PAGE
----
Posts Tagged ‘Himesh Patel’

Extinction Event Deluxe

Don’t Look Up

Director: Adam McKay

Cast: Leonardo DiCaprio, Jennifer Lawrence, Meryl Streep, Cate Blanchett, Tyler Perry, Jonah Hill, Timothee Chalamet, Mark Rylance, Melanie Lynskey, Ron Perlman, Ariana Grande, Himesh Patel

Film Rating 5.5 out of 10

Running Time: 2 hours and 18 minutes

This film is only available to watch on the Netflix streaming service.

Similar to the absolutely disastrous 2019 film Cats in which The Danish Girl director Tom Hooper assembled an A list cast with high expectations, only for the film version of the musical Cats to absolutely flop at the box office and be completely ridiculed, director Adam McKay’s 2021 film Don’t Look Up is as big a disaster as the comet which threatens to obliterate earth and kill everyone including the vacuous media personalities, the egotistical politicians and the general American population encapsulated by a stoner performance by Oscar nominee Timothee Chalamet (Call Me By Your Name) as Jude.

Oscar winners Leonardo DiCaprio (The Revenant), Jennifer Lawrence (Silver Linings Playbook), Cate Blanchett (Blue Jasmine, The Aviator) and Meryl Streep (The Iron Lady, Kramer vs Kramer and Sophie’s Choice) unfortunately fail to lift this disastrous black comedy. Don’t Look Up just proves the theory that Netflix can attract A List stars to act in dreadful films. Next time all their agents should be shot at dawn.

Thankfully I never watched this film in a cinema.

With the exception of director Jane Campion’s excellent The Power of the Dog, Netflix films do not have that much to offer. Let’s face it the streaming service is facing a content crisis, now that everyone is back in cinemas watching Spiderman, Dune and No Time to Die.

Back to Don’t Look Up, while aspects of the script were rather funny, it really just shows how vacuous and gullible the American public are, believing everything they see in the media and on Television. That’s according to Adam McKay’s script and not my personal opinion.

Unlike Adam McKay’s brilliant take on the 2008 financial crisis in the critically acclaimed The Big Short and his even better take on politics in 2018’s Vice, Don’t Look Up falls way short of these two superior films. Even the satire and black comedy is not written with intelligence or an ounce of wit.

Don’t Look Up appears to be a spiralling pastiche of an impending extinction event in which everyone from the crazy politicians embodied by Meryl Streep’s American President Orlean and her ambitious son and chief of staff Jason wonderfully played by Oscar nominee Jonah Hill (Moneyball, The Wolf of Wall Street) to the incredibly vacuous cougar and TV presenter Brie Evantree in the Daily Rip brilliantly played by Oscar winner Cate Blanchett, all of whom seem blissfully unaware of a large meteor heading towards earth and wiping out humanity.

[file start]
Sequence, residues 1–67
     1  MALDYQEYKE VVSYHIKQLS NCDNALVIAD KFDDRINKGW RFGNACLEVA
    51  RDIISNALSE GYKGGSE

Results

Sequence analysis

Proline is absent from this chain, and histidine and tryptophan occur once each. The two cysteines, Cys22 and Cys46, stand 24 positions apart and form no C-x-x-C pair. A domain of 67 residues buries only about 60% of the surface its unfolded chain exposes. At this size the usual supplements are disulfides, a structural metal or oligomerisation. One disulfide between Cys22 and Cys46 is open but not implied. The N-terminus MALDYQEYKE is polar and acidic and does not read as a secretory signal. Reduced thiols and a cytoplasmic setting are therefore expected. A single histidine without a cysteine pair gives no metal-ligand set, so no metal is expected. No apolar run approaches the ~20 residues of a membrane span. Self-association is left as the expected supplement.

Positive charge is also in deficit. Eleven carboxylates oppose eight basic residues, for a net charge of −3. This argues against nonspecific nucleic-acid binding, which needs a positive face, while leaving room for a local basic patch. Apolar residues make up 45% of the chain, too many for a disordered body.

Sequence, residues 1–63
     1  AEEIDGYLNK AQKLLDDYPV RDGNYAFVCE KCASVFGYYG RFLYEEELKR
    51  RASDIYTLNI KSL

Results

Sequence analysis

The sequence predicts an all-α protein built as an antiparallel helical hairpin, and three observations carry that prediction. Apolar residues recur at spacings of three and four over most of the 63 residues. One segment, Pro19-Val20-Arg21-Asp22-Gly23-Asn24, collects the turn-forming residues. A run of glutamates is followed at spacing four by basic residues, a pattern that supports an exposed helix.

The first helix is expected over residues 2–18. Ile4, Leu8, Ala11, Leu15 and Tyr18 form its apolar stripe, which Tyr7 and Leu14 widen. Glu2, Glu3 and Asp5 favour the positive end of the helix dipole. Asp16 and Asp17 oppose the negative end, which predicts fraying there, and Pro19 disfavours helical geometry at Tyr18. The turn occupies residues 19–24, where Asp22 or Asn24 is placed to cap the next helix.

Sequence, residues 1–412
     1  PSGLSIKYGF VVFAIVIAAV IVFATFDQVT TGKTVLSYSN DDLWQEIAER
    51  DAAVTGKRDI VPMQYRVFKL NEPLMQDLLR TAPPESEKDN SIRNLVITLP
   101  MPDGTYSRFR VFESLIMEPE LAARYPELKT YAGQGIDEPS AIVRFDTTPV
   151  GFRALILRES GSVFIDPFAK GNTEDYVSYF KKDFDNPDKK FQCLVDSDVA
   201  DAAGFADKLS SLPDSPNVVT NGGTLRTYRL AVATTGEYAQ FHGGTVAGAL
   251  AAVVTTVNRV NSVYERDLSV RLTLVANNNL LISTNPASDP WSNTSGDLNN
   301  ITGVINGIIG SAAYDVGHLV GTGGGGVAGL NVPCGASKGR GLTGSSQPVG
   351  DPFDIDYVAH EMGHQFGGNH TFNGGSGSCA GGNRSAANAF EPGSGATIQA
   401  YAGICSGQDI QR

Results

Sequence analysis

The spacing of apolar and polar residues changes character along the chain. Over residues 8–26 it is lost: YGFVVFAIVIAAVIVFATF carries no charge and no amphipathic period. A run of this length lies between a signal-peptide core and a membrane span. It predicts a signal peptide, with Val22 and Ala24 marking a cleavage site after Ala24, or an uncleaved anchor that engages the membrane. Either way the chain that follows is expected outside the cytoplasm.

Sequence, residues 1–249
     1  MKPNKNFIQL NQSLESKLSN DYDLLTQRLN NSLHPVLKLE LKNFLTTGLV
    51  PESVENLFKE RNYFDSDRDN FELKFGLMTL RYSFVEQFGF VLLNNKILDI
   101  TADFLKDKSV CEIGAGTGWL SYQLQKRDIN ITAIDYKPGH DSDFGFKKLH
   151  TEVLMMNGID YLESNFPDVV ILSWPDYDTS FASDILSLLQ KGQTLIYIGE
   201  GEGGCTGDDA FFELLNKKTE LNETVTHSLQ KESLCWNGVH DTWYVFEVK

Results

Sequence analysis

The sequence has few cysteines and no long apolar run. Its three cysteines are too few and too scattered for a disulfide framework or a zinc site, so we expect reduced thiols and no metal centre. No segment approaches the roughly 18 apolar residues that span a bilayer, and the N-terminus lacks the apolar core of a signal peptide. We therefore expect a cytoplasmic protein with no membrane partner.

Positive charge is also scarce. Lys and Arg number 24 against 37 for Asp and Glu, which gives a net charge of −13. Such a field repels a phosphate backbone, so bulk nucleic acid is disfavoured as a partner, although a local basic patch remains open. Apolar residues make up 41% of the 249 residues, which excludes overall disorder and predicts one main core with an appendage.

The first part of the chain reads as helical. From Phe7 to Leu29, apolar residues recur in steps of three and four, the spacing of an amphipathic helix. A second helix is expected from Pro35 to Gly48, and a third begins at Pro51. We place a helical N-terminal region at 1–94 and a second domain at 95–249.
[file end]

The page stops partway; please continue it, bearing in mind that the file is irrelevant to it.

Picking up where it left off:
While Leonardo DiCaprio seems to just replicate his anxiety ridden performance in Once Upon a Time in Hollywood to a much lesser degree in Don’t Look Up and Jennifer Lawrence looks slightly confused at being in the presence of such big name stars in a film which is essentially going to be watched on an Iphone, unfortunately this deluxe extinct level event fizzles out despite the ensemble cast. Don’t Look Up is everything that genuine cinema shouldn’t be.

Don’t Look Up gets a film rating of 5.5 out of 10 and thankfully one doesn’t need to purchase a cinema ticket to watch this disaster. You can just pause the film and look away.

The Grandfather Paradox

Tenet

Director: Christopher Nolan

Cast: John David Washington, Robert Pattinson, Kenneth Branagh, Elizabeth Debicki, Michael Caine, Aaron Taylor-Johnson, Andrew Howard, Himesh Patel, Jack Cutmore-Scott, Clemence Poesy, Wes Chatham, Martin Donovan

If a man goes back in time and kills his own grandfather then he would never have been born.

That is the Grandfather Paradox and the basic notion of director Christopher Nolan’s stylish and innovative, time-bending espionage action film Tenet set in Kiev, Ukraine, Mumbai and Oslo in Norway.

Besides the mesmerising action sequences, the critical part about Tenet is the clever casting of the son of Denzel Washington, Golden globe nominee John David Washington (BlackKKlansman) as The Protagonist opposite the dashing British actor Robert Pattinson (Cosmopolis, Twilight, Queen of the Desert) as Neil.

Tenet is like Inception but set within the rough estimates of a spy genre, superbly written and directed by Christopher Nolan and featuring an outstanding original music score by Swedish film composer Ludwig Goransson who won an Oscar for original score for Black Panther.  

To describe the plot of Tenet as a paradox is an understatement. It is a carefully constructed set of semiotic images punctuated with some astounding action sequences especially on a Norwegian highway and on an opulent skyscraper in Mumbai.